And now for a note to the director, Mr. Zack Snyder: The main problem with the overuse of CGI and "cool shots" to tell the tale of a wanton attack on human civilization is that, as a rule in storytelling, when everything is amazing... nothing is amazing. The same goes for melodrama; when everything is deep and emotional and heavy, then it loses it's depth, emotion and weight. Gotta mix it up, there buddy.
But in the end, I didn't hate this movie at all. It was very entertaining and the writers weren't so lazy as to just reproduce the same old story again. They strive here to re-imagine a time-honored American myth (based quite overtly on the story of Christ... like, a LOT!) and infuse it with a new spirit of awareness of ourselves and our fears of that we do not understand. There's plenty of conversation to be had about what ideology this film is preaching, as when Superman brazenly destroys one of the U.S. Military's surveillance drones to secure his own privacy, or when Jor-El protests drilling in the Kryptonian Yukon.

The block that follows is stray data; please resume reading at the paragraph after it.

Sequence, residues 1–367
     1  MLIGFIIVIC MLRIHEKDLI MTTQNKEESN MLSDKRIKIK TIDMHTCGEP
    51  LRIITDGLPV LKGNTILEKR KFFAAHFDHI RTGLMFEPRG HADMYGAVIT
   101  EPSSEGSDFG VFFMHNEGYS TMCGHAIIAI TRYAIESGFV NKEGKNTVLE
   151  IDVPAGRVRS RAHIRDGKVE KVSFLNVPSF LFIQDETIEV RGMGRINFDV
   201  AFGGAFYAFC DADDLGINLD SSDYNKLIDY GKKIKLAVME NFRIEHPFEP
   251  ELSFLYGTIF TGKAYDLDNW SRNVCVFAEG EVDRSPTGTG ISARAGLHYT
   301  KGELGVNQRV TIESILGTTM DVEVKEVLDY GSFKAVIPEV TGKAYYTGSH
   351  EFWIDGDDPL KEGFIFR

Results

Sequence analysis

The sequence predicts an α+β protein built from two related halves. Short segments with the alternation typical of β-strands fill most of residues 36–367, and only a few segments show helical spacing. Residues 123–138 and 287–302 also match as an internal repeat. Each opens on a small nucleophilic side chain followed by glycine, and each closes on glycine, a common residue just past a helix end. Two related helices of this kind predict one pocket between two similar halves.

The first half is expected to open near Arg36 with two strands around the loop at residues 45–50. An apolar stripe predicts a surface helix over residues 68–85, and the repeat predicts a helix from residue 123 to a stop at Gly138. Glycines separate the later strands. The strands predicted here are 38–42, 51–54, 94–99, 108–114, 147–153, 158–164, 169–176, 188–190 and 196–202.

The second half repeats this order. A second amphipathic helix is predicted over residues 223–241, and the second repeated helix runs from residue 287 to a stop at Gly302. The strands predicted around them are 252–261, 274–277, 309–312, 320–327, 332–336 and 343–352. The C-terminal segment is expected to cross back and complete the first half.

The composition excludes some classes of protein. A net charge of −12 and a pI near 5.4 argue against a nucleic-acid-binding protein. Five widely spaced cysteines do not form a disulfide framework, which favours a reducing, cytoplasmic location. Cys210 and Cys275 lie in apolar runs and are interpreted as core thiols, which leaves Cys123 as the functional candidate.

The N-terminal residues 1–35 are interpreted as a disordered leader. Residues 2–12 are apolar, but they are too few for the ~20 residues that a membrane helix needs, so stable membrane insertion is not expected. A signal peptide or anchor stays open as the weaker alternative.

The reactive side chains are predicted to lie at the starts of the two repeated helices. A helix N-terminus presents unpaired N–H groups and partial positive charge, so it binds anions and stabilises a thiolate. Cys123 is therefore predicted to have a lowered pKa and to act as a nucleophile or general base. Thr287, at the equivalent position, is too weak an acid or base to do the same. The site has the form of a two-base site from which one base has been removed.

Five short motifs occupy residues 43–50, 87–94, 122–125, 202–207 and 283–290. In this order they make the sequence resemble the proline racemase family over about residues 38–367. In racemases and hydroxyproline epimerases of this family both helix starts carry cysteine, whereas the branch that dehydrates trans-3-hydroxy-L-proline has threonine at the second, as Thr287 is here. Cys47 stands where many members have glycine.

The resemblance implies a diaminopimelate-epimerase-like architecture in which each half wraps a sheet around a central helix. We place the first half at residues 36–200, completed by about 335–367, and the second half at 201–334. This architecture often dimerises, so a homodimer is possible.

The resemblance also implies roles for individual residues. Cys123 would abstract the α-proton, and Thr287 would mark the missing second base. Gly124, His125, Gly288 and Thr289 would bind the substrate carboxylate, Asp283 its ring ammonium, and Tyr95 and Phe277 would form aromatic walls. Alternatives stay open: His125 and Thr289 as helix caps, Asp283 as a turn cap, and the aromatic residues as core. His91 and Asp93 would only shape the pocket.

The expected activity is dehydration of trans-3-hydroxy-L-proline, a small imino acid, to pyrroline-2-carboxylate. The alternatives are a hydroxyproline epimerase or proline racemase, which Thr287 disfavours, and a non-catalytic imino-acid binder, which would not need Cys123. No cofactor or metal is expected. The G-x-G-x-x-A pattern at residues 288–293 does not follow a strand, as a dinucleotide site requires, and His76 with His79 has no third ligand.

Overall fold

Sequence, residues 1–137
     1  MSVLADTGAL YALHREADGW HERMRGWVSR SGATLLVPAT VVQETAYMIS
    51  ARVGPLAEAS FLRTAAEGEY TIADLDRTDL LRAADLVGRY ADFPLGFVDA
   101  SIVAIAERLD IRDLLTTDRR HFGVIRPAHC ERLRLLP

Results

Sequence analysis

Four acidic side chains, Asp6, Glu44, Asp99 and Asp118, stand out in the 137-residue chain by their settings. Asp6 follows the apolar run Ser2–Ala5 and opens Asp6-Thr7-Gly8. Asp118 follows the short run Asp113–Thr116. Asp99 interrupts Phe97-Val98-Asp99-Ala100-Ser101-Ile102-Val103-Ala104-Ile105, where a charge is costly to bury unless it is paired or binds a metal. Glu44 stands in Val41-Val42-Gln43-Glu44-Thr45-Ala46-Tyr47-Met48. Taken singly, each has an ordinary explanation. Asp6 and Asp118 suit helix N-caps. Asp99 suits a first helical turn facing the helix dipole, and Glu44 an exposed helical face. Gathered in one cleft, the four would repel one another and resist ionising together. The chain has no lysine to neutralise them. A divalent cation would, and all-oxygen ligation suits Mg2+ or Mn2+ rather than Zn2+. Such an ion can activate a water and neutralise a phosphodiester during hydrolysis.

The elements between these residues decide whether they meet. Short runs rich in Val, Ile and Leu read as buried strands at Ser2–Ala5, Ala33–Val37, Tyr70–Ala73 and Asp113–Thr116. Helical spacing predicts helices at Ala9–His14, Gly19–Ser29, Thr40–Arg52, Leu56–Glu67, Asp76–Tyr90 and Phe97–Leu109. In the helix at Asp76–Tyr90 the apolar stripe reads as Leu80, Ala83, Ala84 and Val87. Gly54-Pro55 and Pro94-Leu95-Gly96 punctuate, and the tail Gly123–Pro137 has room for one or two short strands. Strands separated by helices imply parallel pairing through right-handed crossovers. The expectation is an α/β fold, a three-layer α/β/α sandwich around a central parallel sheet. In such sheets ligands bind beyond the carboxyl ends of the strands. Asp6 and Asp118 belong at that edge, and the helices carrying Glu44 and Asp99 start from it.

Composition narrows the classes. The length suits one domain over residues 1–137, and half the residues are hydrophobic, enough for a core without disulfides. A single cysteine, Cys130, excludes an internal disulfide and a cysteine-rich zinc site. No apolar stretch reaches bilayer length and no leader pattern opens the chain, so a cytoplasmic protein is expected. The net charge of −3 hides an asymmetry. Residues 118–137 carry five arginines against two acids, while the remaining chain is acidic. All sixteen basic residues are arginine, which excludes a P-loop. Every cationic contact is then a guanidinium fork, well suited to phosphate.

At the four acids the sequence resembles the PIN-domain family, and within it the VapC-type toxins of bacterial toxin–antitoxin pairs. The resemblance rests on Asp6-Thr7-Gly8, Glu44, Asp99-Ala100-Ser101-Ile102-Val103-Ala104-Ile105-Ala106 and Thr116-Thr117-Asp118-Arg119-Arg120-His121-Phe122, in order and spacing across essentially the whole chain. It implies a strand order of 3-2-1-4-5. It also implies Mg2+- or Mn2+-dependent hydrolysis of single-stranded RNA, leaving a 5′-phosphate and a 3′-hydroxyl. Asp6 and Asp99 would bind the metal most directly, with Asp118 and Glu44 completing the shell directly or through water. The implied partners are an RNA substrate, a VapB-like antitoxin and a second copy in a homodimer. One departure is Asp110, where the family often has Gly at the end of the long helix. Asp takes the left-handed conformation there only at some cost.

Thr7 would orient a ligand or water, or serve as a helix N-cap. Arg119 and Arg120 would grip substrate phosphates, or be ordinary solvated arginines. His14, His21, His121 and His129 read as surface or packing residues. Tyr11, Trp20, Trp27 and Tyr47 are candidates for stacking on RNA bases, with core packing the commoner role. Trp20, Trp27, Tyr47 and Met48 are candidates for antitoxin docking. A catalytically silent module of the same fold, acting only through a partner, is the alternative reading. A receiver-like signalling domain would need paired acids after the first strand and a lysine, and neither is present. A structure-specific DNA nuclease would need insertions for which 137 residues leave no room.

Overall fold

The musical score by legendary film composer Hans Zimmer is elegant and nearly invisible throughout the film as it seamlessly blends into the action and the drama. The understated theme is a truly beautiuful melody, but - without contrasting it agains John Williams' iconic score for "Superman: The Movie" - it leaves the listener waiting for that bigger, more epic chorus. But, alas, and much like the film itself, it never climbs to those heights.
Finally, fans will appreciate seeing a young Lana Lang in one scene, catching brief glimpses of evidence that there is a Lex Luthor somewhere in this world, and that there is definitely room to continue the story of THIS Superman in inevitable sequels... and possible Justice League projects.
The biggest disappointment about this film, however: despite the gigantic Gillette razors commercial tie-in with the movie, we still don't get to see how Superman shaves off that beard.
I give it a C-.